What is Esgob Anycast Secondary DNS?
Esgob's Free Secondary DNS is "an anycast DNS service spanning multiple countries and continents".
I found out about it when I was searching for information on how I would go about using anycast for my DNS and, possibly, my Web sites.
That search eventually led me to the following UKNOF30 talk by Nat Morris, Anycast on a shoestring. The slides for the talk [www.slideshare.net] are available online.
During the talk, Nat Morris explained that his aim was to build an anycast DNS service for under 1,000 USD per year.
In other words, this service aimed to do what I was looking at doing. Given how much it would likely cost for a big chunk of Provider Independent (PI) IPv4 IP addresses (the bigger the chunk, the more likely it will be in BGP routing tables) I decided to give Esgob's service a try.
When it comes to BGP and route announcements, anything less than a /24 and it is unlikely your IPs will be reachable from everywhere on the Internet. Getting a /24 these days from RIPE looks like a lot of hassle. If Esgob can do what I want, why do it myself?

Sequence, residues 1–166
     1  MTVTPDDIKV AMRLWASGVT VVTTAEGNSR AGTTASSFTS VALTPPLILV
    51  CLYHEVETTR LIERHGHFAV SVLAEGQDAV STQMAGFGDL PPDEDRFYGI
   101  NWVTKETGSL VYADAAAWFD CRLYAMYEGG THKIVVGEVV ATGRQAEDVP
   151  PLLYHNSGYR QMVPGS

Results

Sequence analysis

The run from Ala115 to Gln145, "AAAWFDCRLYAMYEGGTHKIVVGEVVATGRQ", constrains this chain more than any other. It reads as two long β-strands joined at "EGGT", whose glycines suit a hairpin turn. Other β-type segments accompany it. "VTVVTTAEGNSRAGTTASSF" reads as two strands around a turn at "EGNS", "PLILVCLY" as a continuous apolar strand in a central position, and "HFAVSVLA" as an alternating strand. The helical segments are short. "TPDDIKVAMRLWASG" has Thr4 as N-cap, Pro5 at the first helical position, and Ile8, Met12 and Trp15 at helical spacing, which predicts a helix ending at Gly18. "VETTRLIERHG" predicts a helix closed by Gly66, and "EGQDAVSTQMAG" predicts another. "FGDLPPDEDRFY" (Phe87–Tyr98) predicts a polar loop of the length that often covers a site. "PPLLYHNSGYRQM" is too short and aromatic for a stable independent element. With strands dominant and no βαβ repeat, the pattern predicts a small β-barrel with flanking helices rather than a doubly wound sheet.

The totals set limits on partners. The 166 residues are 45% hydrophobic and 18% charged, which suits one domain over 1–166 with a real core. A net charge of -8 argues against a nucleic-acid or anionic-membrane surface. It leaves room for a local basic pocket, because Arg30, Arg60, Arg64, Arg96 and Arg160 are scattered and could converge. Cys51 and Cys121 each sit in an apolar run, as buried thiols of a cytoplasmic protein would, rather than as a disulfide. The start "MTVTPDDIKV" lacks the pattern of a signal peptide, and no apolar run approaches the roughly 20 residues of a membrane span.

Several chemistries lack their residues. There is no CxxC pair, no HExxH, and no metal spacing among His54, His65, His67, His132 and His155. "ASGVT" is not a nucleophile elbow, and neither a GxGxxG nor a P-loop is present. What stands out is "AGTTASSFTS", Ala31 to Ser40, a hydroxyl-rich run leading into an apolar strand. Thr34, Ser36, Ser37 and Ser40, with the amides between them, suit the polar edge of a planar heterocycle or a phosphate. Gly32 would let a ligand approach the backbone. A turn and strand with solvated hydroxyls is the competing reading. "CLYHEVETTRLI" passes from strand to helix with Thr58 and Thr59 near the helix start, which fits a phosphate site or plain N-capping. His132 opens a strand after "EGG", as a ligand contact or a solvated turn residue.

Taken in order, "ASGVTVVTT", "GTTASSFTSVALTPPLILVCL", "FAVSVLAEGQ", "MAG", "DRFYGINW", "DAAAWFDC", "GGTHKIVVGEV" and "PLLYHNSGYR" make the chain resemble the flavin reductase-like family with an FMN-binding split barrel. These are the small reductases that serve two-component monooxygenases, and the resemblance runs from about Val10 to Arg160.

Registering for the service is rather simple.
Upon clicking on the Register Now button you are taken to a form and asked for the following:
- Name (your name)
- Account name (user name)
- Email Address
- Answer to a simple maths-based accessible (screen reader friendly) captcha.
Registrations are processed manually in batches. Eventually you will get an e-mail confirming your Account name. The e-mail also includes your API key.
At the time of writing there is no way (either through the Web site or API) to change your API key (nor modify your name, account name, or e-mail address).